Hi Everyone, Adding just a bit more detail to the description of garbage collection in Firebird.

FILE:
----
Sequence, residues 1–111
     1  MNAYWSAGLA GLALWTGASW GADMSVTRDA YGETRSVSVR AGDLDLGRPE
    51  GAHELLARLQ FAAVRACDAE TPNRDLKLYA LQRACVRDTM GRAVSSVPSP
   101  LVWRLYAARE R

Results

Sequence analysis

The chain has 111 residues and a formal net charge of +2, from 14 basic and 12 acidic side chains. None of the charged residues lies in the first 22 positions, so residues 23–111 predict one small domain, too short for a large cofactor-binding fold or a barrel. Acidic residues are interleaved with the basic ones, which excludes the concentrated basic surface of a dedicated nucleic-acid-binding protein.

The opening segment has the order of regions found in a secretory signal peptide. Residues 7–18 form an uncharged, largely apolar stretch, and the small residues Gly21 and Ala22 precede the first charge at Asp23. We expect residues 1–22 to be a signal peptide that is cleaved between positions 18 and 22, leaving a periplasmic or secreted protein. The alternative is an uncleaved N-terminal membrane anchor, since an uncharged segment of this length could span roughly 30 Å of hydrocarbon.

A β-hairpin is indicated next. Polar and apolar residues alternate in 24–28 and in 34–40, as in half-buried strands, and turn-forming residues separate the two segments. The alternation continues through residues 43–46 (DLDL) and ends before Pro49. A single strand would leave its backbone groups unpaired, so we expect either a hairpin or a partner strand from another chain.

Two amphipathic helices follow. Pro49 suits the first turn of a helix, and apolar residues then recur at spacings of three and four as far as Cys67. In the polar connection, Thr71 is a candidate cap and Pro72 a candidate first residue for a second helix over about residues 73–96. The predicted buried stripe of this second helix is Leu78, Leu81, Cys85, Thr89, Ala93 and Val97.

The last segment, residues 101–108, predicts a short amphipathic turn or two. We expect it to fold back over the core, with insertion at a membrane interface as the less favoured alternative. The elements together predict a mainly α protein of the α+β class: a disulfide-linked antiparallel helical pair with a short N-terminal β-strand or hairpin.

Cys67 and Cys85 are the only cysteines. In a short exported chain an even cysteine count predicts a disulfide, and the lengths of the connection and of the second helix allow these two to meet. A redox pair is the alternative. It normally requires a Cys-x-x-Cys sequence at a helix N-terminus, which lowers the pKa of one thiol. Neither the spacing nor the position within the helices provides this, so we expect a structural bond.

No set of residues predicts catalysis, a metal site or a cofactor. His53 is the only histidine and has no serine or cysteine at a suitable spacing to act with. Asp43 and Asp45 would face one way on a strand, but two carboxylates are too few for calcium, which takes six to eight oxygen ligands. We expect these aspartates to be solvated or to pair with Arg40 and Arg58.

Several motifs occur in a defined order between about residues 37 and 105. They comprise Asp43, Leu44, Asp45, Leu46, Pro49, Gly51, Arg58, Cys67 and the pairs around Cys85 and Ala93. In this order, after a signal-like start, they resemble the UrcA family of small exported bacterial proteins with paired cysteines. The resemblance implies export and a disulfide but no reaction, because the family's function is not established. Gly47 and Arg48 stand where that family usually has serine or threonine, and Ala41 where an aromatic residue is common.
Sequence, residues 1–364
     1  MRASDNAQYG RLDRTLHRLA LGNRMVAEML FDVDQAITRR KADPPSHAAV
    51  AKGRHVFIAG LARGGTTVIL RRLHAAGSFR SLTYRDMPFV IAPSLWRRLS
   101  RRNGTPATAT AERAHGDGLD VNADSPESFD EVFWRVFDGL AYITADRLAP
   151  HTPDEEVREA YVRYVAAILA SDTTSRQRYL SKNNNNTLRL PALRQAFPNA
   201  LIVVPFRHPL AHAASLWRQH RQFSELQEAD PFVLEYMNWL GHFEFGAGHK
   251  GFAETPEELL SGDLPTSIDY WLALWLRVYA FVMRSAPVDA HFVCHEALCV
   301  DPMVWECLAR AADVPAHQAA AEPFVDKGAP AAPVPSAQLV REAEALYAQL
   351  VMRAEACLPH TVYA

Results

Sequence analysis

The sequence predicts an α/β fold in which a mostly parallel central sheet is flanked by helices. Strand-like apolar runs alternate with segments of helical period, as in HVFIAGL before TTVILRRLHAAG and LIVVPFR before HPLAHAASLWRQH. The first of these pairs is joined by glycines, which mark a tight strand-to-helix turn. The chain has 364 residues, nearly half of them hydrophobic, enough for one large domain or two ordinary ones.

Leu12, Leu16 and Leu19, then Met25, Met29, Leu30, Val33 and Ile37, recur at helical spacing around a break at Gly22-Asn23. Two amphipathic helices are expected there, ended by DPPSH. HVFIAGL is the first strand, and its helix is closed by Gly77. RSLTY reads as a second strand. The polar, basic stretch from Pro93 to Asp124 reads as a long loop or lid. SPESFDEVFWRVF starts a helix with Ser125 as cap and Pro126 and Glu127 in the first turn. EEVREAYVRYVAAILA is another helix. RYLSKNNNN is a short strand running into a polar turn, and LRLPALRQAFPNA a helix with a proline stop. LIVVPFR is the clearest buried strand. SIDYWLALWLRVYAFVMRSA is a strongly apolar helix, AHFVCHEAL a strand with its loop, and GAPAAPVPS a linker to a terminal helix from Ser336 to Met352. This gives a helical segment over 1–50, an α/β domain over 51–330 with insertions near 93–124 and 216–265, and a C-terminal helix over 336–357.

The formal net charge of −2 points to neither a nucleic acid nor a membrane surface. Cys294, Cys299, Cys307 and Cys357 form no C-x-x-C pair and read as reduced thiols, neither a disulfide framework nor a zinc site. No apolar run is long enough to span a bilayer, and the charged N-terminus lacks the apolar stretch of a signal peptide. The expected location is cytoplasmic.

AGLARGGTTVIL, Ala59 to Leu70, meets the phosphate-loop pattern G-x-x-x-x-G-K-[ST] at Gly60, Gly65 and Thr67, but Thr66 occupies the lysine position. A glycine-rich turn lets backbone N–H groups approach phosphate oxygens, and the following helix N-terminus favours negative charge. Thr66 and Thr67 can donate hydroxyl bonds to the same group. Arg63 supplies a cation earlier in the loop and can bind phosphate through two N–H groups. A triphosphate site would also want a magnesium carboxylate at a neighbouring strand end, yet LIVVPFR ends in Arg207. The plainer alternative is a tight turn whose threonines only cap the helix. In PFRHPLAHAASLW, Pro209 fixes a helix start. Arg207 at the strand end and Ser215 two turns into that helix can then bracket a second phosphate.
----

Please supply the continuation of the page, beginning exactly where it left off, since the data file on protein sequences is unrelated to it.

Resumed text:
For those who know little about Firebird, when a record is updated, Firebird does not replace the old version with the new. Instead, it creates a new version and chains the old version behind the new. Each record version is marked with the identity of the transaction that created it. Concurrent transactions can see different versions of the same record. Each transaction sees the newest version that was committed when the reading transaction started (in concurrency isolation) or the newest committed version (in read committed isolation). The challenge is to remove versions too old for any active transaction to read without spending all day doing it.. The answer is garbage collection - which can be "cooperative", "background", or "combined." Combined (as you might guess) decides on a case by case basis whether to do cooperative or background clean-up. Classic and SuperClassic modes only support cooperative garbage collection. Although it is possible to create a connection that does not remove unlovable ancient record versions, generally, any time a connection touches a record with back versions too old to be seen by any active transaction, it will cause those old versions to be removed. (The exception is the mode gbak uses to create a backup with the -g switch, when the intention is to restore the backup as the new working copy of the database. Cleaning a database you plan to discard is a waste of time.) When a normal transaction reads a record, it checks for back versions of the record that were created by a transaction that no running transaction cares about. Specifically, it checks for a version, newer that the next oldest, that every running transaction can read. The older versions are a pure waste of space. If it tries to read a record marked as deleted, it determines whether the deletion is visible to all active transactions and causes it to be deleted. Cooperative garbage collection. If the system is using cooperative garbage collection, the active transaction breaks the chain of back versions after the version that all running transactions can read, releases the space used by the old versions to the system for reuse, and cleans up any index entries that reference that version. If there are few back versions to remove, they are likely to be on the same page with the record version that the transaction read, so the I/O overhead is small. Background garbage collection. If an unlucky transaction happens to read a record that has many back versions, it has to do a lot of work that it wasn't planning on doing. In SuperServer configuration, Firebird can run a background thread that cleans up old versions. When a user transaction runs into a record that needs garbage collection, it puts that record's identifier on a list for the background thread to clean up. When the background thread cleans up a record, it cleans up all the records on that page. That sounds like a big win, but on a busy system the background garbage thread can fall behind. Think of a strike by sanitation workers. Deleted stubs. Some applications tend not to revisit deleted records. Well, duh... why would you? As a result, a page full of deleted stubs and their back versions may never be garbage collected either cooperatively or in background. A full table scan, either as part of a sweep or backup or programmatically will cause deleted stubs to be removed. Good luck, Ann > > > >